Looking beyond traditional IT network security, a new Data Governance Council has been created by IBM and several dozen companies and IT organizations to help corporate technology users look into better protecting their data against hacker attacks and other breaches.
In an announcement Thursday, IBM said the council will work to create a blueprint for the governance and protection of personal and organizational data within companies.
"When they look at security or the governance around their businesses, [most companies] haven't taken a data-centric approach to it," said Stuart McIrvin, director of corporate client security strategy for IBM. Instead, they usually look at security and policy issues without keeping the importance of their data as a central theme, he said.
The idea of data governance looks at how companies permit and govern appropriate access to their critical data by measuring operational risk and mitigating security exposures associated with access to data, according to the council. The group will look to redefine the management of data governance policy, the impact of policy on business processes and practices, and the enforcement of policy in IT infrastructure, content and organizational behavior.
The idea for the council grew out of discussions and informal quarterly meetings IBM has had with customers and business technology partners for almost a year, McIrvin said. "We're talking with real customers who have these problems," he said. The group's mandate is to "dig deep into issues around companies managing their data," he said. Yesterday's announcement formalizes the creation of the group and its continuing operations.
For IBM and its business partners, the input from customers will help tailor new and existing security software features and products that can help customers respond to the problems, he said.
"We're starting to look at some of the tools IBM has and how we can modify them to meet customer needs," McIrvin said. Some customer members of the council have volunteered to run pilot projects to test new data governance and security technologies, he said. "That's the ideal environment," as opposed to testing in a software lab. "With a real customer using it, it makes seeing its operation easier."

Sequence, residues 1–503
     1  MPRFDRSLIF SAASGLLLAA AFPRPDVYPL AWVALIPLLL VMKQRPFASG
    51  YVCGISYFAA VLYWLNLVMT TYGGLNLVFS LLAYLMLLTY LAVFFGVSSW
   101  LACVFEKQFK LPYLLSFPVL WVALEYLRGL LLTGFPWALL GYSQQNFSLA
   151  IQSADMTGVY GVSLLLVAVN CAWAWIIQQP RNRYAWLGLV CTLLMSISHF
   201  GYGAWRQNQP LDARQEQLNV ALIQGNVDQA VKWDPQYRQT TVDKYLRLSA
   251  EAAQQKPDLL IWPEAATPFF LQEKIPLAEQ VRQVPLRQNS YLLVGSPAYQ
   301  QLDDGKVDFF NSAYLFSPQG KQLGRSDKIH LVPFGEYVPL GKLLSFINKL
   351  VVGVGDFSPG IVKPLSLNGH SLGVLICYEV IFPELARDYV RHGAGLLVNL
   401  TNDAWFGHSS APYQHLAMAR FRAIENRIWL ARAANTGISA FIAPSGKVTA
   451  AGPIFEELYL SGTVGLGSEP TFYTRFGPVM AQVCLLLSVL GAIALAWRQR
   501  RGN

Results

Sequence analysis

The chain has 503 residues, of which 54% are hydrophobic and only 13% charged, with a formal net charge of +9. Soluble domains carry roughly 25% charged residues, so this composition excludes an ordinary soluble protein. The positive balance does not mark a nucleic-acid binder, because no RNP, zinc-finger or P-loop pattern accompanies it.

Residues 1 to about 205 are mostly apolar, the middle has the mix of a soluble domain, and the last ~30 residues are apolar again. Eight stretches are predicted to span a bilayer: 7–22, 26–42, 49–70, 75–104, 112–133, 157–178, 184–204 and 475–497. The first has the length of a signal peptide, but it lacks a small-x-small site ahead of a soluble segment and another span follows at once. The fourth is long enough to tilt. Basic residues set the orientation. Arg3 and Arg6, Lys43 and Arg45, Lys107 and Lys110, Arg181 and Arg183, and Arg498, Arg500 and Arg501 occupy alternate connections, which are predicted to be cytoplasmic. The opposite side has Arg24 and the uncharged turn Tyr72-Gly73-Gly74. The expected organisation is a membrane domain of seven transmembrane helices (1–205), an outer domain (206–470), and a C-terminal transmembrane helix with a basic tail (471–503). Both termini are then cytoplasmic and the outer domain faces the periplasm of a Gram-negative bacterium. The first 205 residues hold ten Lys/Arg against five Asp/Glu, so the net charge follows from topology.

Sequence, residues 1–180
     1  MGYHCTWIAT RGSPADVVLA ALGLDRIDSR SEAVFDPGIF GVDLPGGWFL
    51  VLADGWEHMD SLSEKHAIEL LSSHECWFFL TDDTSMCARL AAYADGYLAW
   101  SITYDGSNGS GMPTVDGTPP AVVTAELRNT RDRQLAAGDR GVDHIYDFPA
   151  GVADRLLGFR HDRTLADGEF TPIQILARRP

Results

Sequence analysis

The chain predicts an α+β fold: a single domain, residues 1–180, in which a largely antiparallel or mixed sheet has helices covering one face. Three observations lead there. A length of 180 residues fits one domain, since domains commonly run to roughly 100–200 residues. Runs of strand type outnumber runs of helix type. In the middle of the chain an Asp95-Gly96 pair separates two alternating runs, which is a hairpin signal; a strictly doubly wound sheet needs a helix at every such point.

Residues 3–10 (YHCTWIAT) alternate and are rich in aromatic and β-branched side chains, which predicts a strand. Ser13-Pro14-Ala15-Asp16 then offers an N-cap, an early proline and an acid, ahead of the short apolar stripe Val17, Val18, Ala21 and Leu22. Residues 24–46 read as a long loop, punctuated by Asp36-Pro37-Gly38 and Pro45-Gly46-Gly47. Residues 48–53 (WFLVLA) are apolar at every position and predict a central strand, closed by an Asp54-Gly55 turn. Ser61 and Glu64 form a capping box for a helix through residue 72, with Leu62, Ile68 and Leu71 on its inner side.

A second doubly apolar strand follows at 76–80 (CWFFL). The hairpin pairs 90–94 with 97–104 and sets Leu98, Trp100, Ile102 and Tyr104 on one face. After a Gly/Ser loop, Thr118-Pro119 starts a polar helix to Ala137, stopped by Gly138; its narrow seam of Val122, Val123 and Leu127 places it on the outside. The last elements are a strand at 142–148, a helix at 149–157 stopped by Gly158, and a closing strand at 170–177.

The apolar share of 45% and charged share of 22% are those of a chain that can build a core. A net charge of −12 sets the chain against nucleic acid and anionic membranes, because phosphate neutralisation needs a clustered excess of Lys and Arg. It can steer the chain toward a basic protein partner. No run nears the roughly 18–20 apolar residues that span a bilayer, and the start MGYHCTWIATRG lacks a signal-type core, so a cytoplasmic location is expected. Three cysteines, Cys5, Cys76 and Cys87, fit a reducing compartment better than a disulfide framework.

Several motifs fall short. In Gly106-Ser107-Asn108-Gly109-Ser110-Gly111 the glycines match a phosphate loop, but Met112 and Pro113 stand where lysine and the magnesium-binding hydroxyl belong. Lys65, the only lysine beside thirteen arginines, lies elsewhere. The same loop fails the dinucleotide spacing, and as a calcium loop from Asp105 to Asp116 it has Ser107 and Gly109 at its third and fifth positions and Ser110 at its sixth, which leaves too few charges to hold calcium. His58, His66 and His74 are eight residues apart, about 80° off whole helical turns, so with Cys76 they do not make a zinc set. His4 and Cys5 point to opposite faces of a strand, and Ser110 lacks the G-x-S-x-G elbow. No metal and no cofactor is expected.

Robert Garigue, chief information security officer of Bank of Montreal, a council member, said a new approach is needed to help companies oversee access to customer data.
"I think data governance information management is an idea whose time has come," Garigue said. Security issues in IT have long focused on defending corporate network perimeters, he said, but that is changing because the data itself has to be protected with access controls and management.
"Managing the content is difficult. It's not just incremental," Garigue said.
"We need to evolve frameworks to build the security around the content and not just around the pipes," he said. "Increasingly, companies are seeing alarming rates of data theft. The council's ultimate goal is to transform data governance and compliance from yearly audits to real-time, change-driven, on-demand business processes that continually assess risks, update policies and manage resources across the enterprise."
Among the top governance issues to be explored by the council are security, privacy, compliance and risk challenges that need common solutions and standards, as well as misunderstandings regarding organizational and IT roles and behavior, which can potentially cause data exposures. Other problems include corporate policies and rules that aren't linked to business processes or IT systems, and the lack of common methods for metadata classification and IT integration, according to the group.
Members of the council include ABN Amro Bank, American Express, Bank of Montreal, Bell Canada International, Corticon Technologies, Danske Bank, Deutsche Bank, Fidelis Security Systems, Great American Insurance, Huntington Bank, KeyBank, Merrill Lynch & Co., Novartis, the Nassau County, N.Y., government, North Carolina State University, Northwestern Mutual Life Insurance, Nova Southeastern University, the United Nations Development Program and the World Bank.